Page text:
Who Manages China’s Belt & Road Initiative?
Op/Ed by Chris Devonshire-Ellis
- It isn’t Xi Jinping – and learning how China’s structures are diversified helps understand how China plans ahead
- Fundamental differences in Chinese and Western decision-making processes
China’s Belt & Road Initiative is somewhat enigmatic when it comes to who is behind the project. There appears to be no official secretariat, no centralised office, and no specific official responsible for discussing its objectives. Although there are various thinktanks, specific advisory bodies and a Chinese Government website dedicated to it, no-one specifically appears to be masterminding the operation. It’s an interesting question as answering it helps explain the differences in political structures between China and the West, and where confusion and assumptions can go awry in relations between the two.
It is telling that in the absence of a specific Chinese BRI official Guru, the West has instead appointed one, with the generally accepted view that the Belt & Road Initiative is “Considered a centerpiece of Communist Party of China General Secretary and Chinese leader Xi Jinping’s foreign policy”
That largely came about because it fell to President Xi to originally announce the strategy as the “Silk Road Economic Belt” during an official visit to Kazakhstan in September 2013. Even today, the Belt & Road Initiative is often described as “Xi’s Belt & Road”. But is it?
Being the President of China of course is one of the biggest jobs in the world, immensely time-consuming and extremely hard work, with thousands of things to keep on top of, changing all the time. And of course, the man must have family time too. However, the construct that President Xi is the Mastermind behind the BRI is a Western imposed image, not a Chinese one. And this is where the West’s understanding of how China works begins to go astray. In the absence of a prescribed official “Head of the BRI” the West must appoint one themselves. This is because in Western political and management structures we appoint specific leaders: Presidents, Prime Ministers, Chairman, Ministers, CEO’s.
What confuses the West is that while China also uses those terms itself – partially because they are relatively simple to understand – the operations and methodology behind them are substantially different.
The Western model is rigid and has a defined reporting structure, emanating from the very top down, identifiable by having in place specific individuals along the ‘chain of command’. It is in essence a very 19th century, discipline, born from military structures.
China appears at face value to have that – but in reality, it does not. Immediately under President Xi sit a number of executive committees, with a two-way decision-making process: they report to him, but crucially he also reports to them. This two-way flow of decision-making runs through the National People’s Congress, the State Council and continues across different Ministeries and Governments throughout the country.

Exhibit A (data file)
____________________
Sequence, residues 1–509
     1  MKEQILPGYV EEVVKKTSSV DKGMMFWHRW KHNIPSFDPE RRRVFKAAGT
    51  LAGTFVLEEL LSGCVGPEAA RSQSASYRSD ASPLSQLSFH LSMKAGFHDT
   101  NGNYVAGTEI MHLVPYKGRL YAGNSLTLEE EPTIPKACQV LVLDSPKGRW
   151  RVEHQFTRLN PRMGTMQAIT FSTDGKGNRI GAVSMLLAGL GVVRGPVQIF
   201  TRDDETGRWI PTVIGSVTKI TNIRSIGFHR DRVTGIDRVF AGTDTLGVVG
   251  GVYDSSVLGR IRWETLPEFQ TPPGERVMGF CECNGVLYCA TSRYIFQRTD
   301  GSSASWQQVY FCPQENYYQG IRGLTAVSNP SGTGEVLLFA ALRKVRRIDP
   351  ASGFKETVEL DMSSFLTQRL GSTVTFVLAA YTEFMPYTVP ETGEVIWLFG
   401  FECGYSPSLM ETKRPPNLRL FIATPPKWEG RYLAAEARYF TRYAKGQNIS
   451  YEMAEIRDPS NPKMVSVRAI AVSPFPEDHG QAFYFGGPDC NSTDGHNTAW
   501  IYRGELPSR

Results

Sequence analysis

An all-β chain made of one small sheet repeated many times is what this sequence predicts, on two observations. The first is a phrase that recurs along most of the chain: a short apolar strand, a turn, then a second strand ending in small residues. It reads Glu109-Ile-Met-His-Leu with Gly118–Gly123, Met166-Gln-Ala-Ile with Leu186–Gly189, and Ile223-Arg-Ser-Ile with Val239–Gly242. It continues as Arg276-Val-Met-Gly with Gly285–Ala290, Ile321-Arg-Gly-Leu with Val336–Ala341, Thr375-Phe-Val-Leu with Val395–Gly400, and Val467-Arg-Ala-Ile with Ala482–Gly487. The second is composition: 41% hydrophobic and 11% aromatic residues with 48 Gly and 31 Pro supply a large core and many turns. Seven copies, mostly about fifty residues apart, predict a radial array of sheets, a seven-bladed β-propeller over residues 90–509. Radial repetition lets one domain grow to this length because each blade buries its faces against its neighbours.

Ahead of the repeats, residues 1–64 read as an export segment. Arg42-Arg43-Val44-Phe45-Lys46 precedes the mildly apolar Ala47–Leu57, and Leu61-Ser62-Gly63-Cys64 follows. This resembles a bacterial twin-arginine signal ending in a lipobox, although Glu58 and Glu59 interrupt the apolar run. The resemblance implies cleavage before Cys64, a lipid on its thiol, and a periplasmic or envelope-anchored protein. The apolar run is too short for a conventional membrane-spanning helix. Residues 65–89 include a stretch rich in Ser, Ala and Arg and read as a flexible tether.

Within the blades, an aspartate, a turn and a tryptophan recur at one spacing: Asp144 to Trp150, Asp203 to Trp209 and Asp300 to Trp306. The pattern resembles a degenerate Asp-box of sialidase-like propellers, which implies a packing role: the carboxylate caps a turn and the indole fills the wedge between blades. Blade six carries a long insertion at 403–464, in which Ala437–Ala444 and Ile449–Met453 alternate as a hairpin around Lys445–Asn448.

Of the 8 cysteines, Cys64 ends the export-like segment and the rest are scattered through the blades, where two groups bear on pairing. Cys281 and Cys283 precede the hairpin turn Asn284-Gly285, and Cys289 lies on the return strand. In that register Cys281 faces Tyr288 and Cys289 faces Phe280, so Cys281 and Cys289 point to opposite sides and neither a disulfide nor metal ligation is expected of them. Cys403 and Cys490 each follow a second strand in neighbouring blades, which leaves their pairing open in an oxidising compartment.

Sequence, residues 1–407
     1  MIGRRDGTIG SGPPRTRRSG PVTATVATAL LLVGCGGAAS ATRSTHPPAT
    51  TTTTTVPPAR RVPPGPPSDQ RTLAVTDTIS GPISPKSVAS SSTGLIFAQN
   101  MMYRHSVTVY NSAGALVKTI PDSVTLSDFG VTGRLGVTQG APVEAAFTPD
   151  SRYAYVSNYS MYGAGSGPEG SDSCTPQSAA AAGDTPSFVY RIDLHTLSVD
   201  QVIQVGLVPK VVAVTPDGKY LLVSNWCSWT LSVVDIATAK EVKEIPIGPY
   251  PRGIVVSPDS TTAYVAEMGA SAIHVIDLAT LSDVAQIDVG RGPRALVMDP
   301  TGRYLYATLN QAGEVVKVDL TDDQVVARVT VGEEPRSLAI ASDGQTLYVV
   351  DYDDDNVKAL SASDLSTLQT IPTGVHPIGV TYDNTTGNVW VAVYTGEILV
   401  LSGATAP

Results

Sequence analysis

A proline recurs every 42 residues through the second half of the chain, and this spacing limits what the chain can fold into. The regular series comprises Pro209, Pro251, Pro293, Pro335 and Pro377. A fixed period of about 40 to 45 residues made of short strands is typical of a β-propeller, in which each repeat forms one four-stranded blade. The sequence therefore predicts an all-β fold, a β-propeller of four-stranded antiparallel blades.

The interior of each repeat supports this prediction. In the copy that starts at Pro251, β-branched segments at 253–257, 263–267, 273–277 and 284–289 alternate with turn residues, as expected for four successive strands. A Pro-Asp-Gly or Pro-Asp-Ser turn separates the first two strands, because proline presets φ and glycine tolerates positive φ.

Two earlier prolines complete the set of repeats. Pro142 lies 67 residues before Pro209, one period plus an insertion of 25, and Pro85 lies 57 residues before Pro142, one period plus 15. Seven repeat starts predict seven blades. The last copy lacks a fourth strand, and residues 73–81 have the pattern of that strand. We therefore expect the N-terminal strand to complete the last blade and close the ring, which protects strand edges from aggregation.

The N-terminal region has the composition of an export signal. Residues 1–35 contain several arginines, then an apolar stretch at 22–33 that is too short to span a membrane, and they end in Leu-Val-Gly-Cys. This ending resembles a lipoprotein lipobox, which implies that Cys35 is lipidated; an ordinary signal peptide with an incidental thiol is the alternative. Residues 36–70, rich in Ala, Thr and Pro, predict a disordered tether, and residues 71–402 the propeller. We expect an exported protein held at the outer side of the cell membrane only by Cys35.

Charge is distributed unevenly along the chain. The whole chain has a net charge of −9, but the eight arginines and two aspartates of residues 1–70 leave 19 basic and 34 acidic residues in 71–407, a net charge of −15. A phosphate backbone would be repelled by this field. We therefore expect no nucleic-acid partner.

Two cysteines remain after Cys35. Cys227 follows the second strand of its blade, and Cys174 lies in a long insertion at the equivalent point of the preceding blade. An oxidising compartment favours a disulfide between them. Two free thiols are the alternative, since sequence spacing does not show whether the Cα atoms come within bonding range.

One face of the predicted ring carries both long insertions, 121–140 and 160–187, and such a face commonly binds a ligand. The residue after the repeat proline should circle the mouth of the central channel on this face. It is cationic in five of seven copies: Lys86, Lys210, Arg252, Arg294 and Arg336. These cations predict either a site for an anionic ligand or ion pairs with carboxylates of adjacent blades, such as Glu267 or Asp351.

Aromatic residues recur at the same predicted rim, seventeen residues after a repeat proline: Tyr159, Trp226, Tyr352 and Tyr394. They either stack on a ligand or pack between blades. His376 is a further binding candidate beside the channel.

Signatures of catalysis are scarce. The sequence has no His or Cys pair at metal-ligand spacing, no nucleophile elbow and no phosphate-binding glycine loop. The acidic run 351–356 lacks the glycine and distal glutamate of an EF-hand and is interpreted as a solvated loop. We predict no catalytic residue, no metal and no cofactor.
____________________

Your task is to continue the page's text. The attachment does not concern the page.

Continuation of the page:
One of the most important of these is the National Development & Reform Commission (NDRC) – responsible for the complete administrative and planning control of China. The structuring and planning for the BRI almost certainly falls under the NDRC – and probably resides within the Western division of the organisation. It employs 890 civil servants, with many others linked into it, feeding it data, and ideas. However, Xi Jinping isn’t Chairman of the NDRC – that position is held by He Lifeng, who is also a Vice-Chairman of the CPPCC. He has been in the role since 2017. Back in 2013, when Xi announced the ‘Silk Road Economic Belt’ the head of the NDRC was Xu Shaoshi, and before him – when no doubt the concepts of what would become the BRI were being honed down – it was Zhang Ping, who held the role from 2008-2013. Xi didn’t become China’s President until 2013. Also part of this communal process is the Financial Stability and Development Commitee, formed at the same time as the launch of the BRI in 2013, and it is believed this also has considerable input. This is headed up by Liu He.
This anecdote therefore really serves to illustrate the differences between China’s management of its overall direction and that of the West. China has managed to develop political and business structures which while on the surface appear similar to those in the West, are in fact organised as an in-depth series of think-tanks, constantly sharing, and exchanging information and collectively reaching decisions.
In the West, the process involves specific individuals who at any time can be discarded either through incapability or political differences. While democracy remains an excellent system of governance – it begins to fail when it loses middle ground – which is what is currently occurring in the West. China’s model, rightly or wrongly, discards much of that political debate. It maintains the middle ground by collective consensus.
So, when pondering “Who manages China’s Belt & Road Initiative”, I would suggest an accurate answer would probably be “Xi Jinping as the Spokesperson, reporting on findings concluded by He Lifeng, as directed by the National Development & Reform Commission and the Financial Stability and Development Commitee, using incoming data and ideas from Chinese officials and businessmen from throughout China and across the World.” Now that is impressive.
Silk Road Briefing is written by Dezan Shira & Associates. The firm has 28 offices throughout Asia, and assists foreign investors into the region. For strategic advisory and business intelligence issues please contact the firm at firstname.lastname@example.org or visit www.dezshira.com